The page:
As part of a collaborative program between British Antarctic Survey and Utah State University, measurements were made using an all-sky airglow imager located at the U.K. Halley Station (76°S, 27°W) during the 2000 and 2001 austral winter seasons from April through to early September. A co-located imaging Doppler interferometer was utilized to obtain coincident wind measurements for a total of 171 wave events. This study comprises the first detailed climatological investigation of the propagation nature (freely propagating, Doppler ducted, or evanescent) of individual quasi-monochromatic, short-period wave events at a high southern latitude. Distributions of the derived vertical wavelength exhibit an interquartile range from ∼16–48 km with a median vertical wavelength of 21 km. The majority of the wave events were found to be freely propagating waves, with only ∼5% exhibiting a clear Doppler ducted signature, while 15% of the waves were found to be evanescent in nature. Although no coincident temperature measurements were available, subsequent SABER temperature measurements suggest that up to ∼28% of the measured temperature profiles are capable of providing a ducted environment for the observed wave field. This is in sharp contrast to findings at mid- and low latitudes where these waves have been shown to be prone to Doppler ducted motion. It is suggested that the relatively weak wind field and associated tidal wind amplitudes over Halley are not capable of forming a significant Doppler ducted region to sustain a substantial amount of ducted waves belonging to the detectable spectrum of the airglow imager. As these wind fields are comparable to wind fields found at other polar latitudes, we hypothesize that the majority of short-period gravity waves observed in the polar mesosphere are freely propagating and thus an important source of energy transfer into the MLT region.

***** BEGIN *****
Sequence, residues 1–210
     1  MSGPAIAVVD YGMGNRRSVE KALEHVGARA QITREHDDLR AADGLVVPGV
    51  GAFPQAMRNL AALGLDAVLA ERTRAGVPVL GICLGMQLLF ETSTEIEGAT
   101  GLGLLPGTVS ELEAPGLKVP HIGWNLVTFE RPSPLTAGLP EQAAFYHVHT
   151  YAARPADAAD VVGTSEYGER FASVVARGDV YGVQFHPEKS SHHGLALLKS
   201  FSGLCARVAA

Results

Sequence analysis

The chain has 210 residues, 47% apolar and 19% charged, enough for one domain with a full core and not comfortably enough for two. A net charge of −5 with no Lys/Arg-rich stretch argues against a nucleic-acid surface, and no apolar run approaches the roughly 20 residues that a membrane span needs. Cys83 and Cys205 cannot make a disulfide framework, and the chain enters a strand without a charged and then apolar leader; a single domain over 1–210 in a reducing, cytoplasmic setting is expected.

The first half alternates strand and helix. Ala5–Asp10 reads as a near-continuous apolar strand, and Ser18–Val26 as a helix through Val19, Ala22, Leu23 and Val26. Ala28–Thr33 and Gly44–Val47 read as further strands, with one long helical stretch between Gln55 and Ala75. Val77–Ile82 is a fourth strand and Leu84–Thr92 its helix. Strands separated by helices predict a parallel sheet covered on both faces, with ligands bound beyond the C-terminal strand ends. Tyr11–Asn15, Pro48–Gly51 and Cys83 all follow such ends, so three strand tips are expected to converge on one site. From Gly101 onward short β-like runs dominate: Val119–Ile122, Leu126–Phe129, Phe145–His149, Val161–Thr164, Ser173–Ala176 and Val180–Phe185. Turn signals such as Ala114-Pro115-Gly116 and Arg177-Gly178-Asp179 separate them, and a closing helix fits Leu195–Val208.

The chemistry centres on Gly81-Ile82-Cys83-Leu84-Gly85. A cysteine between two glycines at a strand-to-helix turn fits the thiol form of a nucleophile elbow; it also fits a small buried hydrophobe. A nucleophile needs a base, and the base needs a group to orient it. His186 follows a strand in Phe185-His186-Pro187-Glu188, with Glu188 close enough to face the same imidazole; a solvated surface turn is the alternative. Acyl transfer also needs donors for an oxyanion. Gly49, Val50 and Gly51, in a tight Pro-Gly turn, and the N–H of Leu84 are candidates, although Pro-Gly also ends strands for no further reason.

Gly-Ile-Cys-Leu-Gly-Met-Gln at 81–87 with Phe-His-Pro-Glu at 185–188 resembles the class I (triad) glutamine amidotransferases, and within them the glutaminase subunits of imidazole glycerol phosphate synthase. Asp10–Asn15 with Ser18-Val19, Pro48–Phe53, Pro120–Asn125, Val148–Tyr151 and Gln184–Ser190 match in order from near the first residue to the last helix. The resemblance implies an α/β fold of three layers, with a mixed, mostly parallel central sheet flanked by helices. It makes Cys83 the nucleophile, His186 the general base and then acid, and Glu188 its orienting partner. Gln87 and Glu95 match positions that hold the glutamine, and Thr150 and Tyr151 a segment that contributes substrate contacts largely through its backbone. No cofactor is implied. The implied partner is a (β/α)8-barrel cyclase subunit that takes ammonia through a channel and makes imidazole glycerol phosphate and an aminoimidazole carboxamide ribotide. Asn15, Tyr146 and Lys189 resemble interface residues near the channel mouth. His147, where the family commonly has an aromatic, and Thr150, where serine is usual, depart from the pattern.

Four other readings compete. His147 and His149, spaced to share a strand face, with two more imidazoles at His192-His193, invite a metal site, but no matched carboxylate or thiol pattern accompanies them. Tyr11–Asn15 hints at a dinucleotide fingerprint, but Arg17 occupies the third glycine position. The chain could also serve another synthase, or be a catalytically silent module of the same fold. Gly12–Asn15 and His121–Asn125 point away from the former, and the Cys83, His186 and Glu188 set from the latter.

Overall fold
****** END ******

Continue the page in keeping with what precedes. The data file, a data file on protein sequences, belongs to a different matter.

With permission, Mr. Speaker, I would like to make a statement following Hitachi’s announcement that they intend to suspend development of the proposed Wylfa Newydd new nuclear project, as well as work related to Oldbury.Mr. Speaker, the economics of the energy market have changed significantly in recent years. The cost of renewable technologies such as offshore wind has fallen dramatically, to the point where they now require very little public subsidy and will soon require none. We have also seen a strengthening in the pipeline of projects coming forward, meaning that renewable energy may now not just be cheap, but also readily available.As a result of these developments over the last eight years we have a well-supplied electricity market. Our electricity margin forecast is currently over 11% for this winter – having grown for each of the last five years.Whilst this is good news for consumers as we strive to reduce carbon emissions at the lowest cost, this positive trend has not been true when it comes to new nuclear. Across the world, a combination of factors including tighter safety regulations, have seen the cost of most new nuclear projects increase, as the cost of alternatives has fallen and the cost of construction has risen. This has made the challenge of attracting private finance into projects more difficult than ever, with investors favouring other technologies that are less capital-intensive upfront, quicker to build, and less exposed to cost overruns.But as I made clear to the House in June, this government continues to believe that a diversity of energy sources is a good way and the best way of delivering secure supply at the lowest cost, and nuclear has an important role to play in our future energy mix. In my June Statement I therefore reaffirmed the government’s commitment to nuclear. I also announced that we would be entering into negotiations with Hitachi over their project at Wylfa. Given the financing challenges facing new nuclear projects, I made clear to the House in June that we would be considering a new approach to supporting Wylfa that included the potential for significant direct investment from the government.Mr. Speaker, while negotiations were ongoing, I am sure the House will understand that the details were commercially sensitive, but following Hitachi’s announcement I can set out in more candid terms the support that the government was willing to offer in support of the project. Firstly, the government was willing to consider taking a one third equity stake in the project, alongside investment from Hitachi and Government of Japan agencies and other strategic partners. Secondly, the government was willing to consider providing all of the required debt financing to complete construction. Thirdly, the government agreed to consider providing a Contract for Difference to the project with a strike price expected to be no more £75 per megawatt hour.I hope the House would agree that this is a significant and generous package of potential support that goes beyond what any government has been willing to consider in the past. Despite this potential investment, and strong support from the government of Japan, Hitachi have reached the view that the project still posed too great a commercial challenge, particularly given their desire to deconsolidate the project from their balance sheet and the likely level of return on their investment.Mr, Speaker, the government continues to believe that nuclear has an important role to play, but critically it must represent good value for the taxpayer and the consumer. I believe the package of support that we were prepared to consider was the limit of what could be justified in this instance. I was not prepared to ask the taxpayer to take on a larger share of the equity, as that would have meant taxpayers taking on the majority of construction risk and the government becoming the largest shareholder with responsibility for the delivery of a nuclear project. I also could not justify a strike price above £75 per megawatt hour for this financing structure, given the declining costs of alternative technologies and the financial support and risk sharing already on offer from the government which was not available for Hinkley Point C.I would like to reassure the House that Hitachi’s decision to suspend the current negotiations on the project was reached amicably between all parties once it became clear that it was not possible to agree a way forward. Hitachi have made clear themselves that while they are suspending project development at this stage, they wish to continue discussions with the government on bringing forward new nuclear projects at both Wylfa and Oldbury and we intend to work closely with them in the weeks and months ahead. We will also continue to strengthen our long-standing partnership with the Government of Japan on a range of civil nuclear matters. And importantly, we will continue to champion the nuclear sector in North Wales, which is home to world-leading expertise in areas such as nuclear innovation and decommissioning, and offers ideal sites for deploying small modular reactors.Mr Speaker, if new nuclear is to be successful in a more competitive energy market – which I very much believe it can be – it is clear that we need to consider a new approach to financing future projects, including those at Sizewell and Bradwell. As I initially set out in June, we are therefore reviewing the viability of a Regulated Asset Base model and assessing whether it can offer value for money for consumers and taxpayers. I can confirm to the House that we intend to publish our assessment of this method by the summer at the latest.Through our nuclear sector deal, we are also exploring working with the sector to put the UK at the forefront of various forms of nuclear innovation. We are therefore exploring whether advanced nuclear technologies, such as small modular reactors, could be an important source of low carbon energy in the future and are considering a proposal from a UK Consortium led by Rolls Royce that would result in a significant joint investment.Finally, I started this statement by outlining the challenges that the nuclear industry faces as the energy market changes. I will set out a new approach to financing new nuclear as part of the planned Energy White Paper this summer. I know the future of the nuclear sector is of great interest to many Members of this House and I will ensure that Members across this House, and its Select Committee, have the opportunity to consider the proposals.Mr. Speaker, I understand the disappointment the dedicated and expert staff at Wylfa and Oldbury will feel as a result of today’s announcement by Hitachi. New commercial nuclear investments around the world over are experiencing the same challenges as new sources of power become cheaper and more abundant.Nuclear has an important role to play as part of a diverse energy mix, but must be at a price that is fair to electricity bill payers and to taxpayers. We will work closely with Hitachi and the industry to ensure that we find the best means of financing these and other new nuclear projects. And our commitment to Anglesey – with nuclear, renewables, and the deep expertise that it has, a real island of energy – will not be changed by this decision. I will work with the member for Ynys Môn, the Welsh Government and the local community to ensure its renown is supported and strengthened, and I will do the same with my Honourable Friend the Member for Thornbury and Yate.I would like to pay tribute to the staff of Horizon, Hitachi and to my own officials and those of in the Department of International Trade and the Government of Japan, who have spent many months doing their utmost to support a financing package. I know that they left no stone unturned in seeking a viable commercial model for this investment and I very much hope that their work and professionalism will lead to a successful partnership following this period of review.I commend this statement to the House.